I could tackle this, but would like to know what is the preferred interface:

  1. From pytest-raisesregexp:

    with pytest.raises_regexp(ExpectedException, r".* 1560"):
          function_to_test(arg1)
    
    pytest.raises_regexp(ExpectedException, r".* 1560", function_to_test, arg1):
  2. Proposed by @RonnyPfannschmidt:

    with pytest.raises.matching(ValueError, 'regex'):
        function_to_test(arg1)
    
    pytest.raises.matching(ValueError, 'regex', function_to_test, arg1)
  3. Any other suggestion? 😄

What do you guys think?

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nicoddemus commented Aug 27, 2015

(Just posted a tweet about this).

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The-Compiler commented Aug 27, 2015

Another proposal from @hpk42 was to add a keyword argument to pytest.raises:

with pytest.raises(ValueError, regex=r'...'):
      ...

That has the downside of being only usable in context manager form.

I'd still prefer this form, though, as I don't think the non-contextmanager form is used widely anyways.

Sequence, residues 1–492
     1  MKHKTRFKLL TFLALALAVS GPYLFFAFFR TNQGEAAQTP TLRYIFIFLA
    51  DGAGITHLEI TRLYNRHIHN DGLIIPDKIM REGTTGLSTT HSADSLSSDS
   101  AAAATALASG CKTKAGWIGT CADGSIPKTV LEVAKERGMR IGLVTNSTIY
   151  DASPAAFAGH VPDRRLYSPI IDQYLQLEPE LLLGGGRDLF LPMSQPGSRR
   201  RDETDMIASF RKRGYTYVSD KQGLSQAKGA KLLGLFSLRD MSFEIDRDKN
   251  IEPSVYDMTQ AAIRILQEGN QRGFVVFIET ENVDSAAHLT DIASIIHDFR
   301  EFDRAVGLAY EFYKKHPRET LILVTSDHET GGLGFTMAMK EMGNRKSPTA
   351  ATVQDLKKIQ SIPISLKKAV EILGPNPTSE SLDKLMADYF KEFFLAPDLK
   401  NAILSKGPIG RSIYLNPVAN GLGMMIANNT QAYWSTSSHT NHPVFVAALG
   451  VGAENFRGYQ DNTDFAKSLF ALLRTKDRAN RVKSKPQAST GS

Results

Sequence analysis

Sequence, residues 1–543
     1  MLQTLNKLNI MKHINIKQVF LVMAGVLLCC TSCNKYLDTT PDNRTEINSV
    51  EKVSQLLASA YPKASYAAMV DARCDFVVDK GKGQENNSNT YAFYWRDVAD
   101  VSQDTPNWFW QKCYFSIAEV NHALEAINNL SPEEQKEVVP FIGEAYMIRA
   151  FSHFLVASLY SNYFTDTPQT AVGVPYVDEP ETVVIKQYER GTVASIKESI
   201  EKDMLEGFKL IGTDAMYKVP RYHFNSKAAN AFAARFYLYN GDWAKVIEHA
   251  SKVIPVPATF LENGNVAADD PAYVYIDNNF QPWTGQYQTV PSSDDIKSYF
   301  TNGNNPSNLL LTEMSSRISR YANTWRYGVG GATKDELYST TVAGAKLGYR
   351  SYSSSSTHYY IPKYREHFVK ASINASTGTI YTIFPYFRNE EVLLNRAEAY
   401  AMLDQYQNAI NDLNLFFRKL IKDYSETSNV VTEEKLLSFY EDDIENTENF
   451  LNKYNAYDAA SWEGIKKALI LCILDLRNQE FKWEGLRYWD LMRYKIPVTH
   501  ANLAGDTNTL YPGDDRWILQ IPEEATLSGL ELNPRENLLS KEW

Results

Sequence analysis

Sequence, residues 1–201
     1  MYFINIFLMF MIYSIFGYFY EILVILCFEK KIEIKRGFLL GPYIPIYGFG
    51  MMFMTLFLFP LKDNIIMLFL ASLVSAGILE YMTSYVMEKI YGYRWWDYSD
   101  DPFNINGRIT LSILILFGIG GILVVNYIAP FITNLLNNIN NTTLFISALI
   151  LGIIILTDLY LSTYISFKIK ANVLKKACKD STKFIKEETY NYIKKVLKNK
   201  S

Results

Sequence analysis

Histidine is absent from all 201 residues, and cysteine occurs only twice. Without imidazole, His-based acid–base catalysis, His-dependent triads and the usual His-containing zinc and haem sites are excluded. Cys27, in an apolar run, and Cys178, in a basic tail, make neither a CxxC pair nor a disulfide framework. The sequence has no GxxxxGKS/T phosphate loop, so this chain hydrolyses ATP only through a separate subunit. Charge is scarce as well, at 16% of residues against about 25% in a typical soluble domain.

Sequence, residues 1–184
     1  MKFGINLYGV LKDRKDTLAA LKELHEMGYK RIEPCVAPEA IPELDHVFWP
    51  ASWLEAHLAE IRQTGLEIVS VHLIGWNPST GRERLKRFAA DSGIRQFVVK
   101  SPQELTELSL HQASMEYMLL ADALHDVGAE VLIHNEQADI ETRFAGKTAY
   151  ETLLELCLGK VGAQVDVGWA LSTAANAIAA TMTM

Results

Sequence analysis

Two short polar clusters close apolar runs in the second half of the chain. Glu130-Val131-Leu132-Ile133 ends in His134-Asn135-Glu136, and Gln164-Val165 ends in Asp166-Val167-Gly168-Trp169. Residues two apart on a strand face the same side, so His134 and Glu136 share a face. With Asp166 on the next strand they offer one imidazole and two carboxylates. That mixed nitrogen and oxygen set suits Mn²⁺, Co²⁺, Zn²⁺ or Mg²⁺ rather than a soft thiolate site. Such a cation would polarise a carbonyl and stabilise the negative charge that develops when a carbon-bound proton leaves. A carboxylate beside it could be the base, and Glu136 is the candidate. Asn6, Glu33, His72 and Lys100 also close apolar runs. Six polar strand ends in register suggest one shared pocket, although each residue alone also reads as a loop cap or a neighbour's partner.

pytest.raises.matching(...) looks good, but I think it might be confusing for people when there's a function as an attribute of another function.

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sscherfke commented Aug 27, 2015

I would also prefer @hpk42 ’s proposal.

But in this case you'd have to check if the second argument is a non-keyword argument, which would mean that it is the function to be called. In that case, the regex kwarg would be an argument for that function (and not for raises()).

This seems a little dirty to me, but on the other hand, it would also make it possible to add additional keyword arguments like func, args and kwargs to do stuff like:

# "regex" as argument for "myfunc":
pytest.raises(ValueError, myfunc, regex=r'spam')

# "regex" as argument for "raises":
pytest.raises(
    ValueError,
    regex=r'spam',
    func=myfunc,
    args=(23, 'foo'),
    kwargs={'spam': 42})
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nicoddemus commented Aug 27, 2015

Another proposal from @hpk42 was to add a keyword argument to pytest.raises

Thanks for the reminder @The-Compiler! We can call this option 3, if people want to reference the options by number:

with pytest.raises(ValueError, regex=r'...'):
      function_to_test()
# no functional form supported

Initially I liked that proposal, but later I realized that having a special case where suddenly adding a keyword argument breaks the functional form would be surprising to people. Having this inconsistency doesn't seem too appealing to me, and we have other proposals that fit the requirements just as well.